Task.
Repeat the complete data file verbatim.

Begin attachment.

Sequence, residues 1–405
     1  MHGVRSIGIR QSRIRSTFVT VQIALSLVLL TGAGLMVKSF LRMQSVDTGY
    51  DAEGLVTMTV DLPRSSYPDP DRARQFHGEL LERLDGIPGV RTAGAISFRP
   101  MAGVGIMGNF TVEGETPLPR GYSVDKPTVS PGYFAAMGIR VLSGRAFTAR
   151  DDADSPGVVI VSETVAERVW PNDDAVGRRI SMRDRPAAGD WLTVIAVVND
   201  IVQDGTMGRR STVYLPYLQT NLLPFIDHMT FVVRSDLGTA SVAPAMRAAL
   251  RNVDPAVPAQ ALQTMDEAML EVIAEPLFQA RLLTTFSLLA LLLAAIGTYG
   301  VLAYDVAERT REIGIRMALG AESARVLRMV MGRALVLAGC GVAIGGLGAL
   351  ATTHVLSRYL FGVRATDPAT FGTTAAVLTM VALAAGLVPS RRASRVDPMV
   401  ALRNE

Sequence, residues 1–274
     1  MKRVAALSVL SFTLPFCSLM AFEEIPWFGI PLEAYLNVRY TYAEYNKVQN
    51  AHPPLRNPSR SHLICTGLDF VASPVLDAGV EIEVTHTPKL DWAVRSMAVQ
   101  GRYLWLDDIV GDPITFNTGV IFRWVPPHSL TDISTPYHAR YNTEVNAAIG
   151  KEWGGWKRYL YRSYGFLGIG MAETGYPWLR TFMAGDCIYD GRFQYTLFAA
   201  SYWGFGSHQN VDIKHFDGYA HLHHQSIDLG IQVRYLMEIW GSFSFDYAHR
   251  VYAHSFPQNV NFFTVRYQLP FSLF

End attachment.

Sequence, residues 1–405
     1  MHGVRSIGIR QSRIRSTFVT VQIALSLVLL TGAGLMVKSF LRMQSVDTGY
    51  DAEGLVTMTV DLPRSSYPDP DRARQFHGEL LERLDGIPGV RTAGAISFRP
   101  MAGVGIMGNF TVEGETPLPR GYSVDKPTVS PGYFAAMGIR VLSGRAFTAR
   151  DDADSPGVVI VSETVAERVW PNDDAVGRRI SMRDRPAAGD WLTVIAVVND
   201  IVQDGTMGRR STVYLPYLQT NLLPFIDHMT FVVRSDLGTA SVAPAMRAAL
   251  RNVDPAVPAQ ALQTMDEAML EVIAEPLFQA RLLTTFSLLA LLLAAIGTYG
   301  VLAYDVAERT REIGIRMALG AESARVLRMV MGRALVLAGC GVAIGGLGAL
   351  ATTHVLSRYL FGVRATDPAT FGTTAAVLTM VALAAGLVPS RRASRVDPMV
   401  ALRNE

Sequence, residues 1–274
     1  MKRVAALSVL SFTLPFCSLM AFEEIPWFGI PLEAYLNVRY TYAEYNKVQN
    51  AHPPLRNPSR SHLICTGLDF VASPVLDAGV EIEVTHTPKL DWAVRSMAVQ
   101  GRYLWLDDIV GDPITFNTGV IFRWVPPHSL TDISTPYHAR YNTEVNAAIG
   151  KEWGGWKRYL YRSYGFLGIG MAETGYPWLR TFMAGDCIYD GRFQYTLFAA
   201  SYWGFGSHQN VDIKHFDGYA HLHHQSIDLG IQVRYLMEIW GSFSFDYAHR
   251  VYAHSFPQNV NFFTVRYQLP FSLF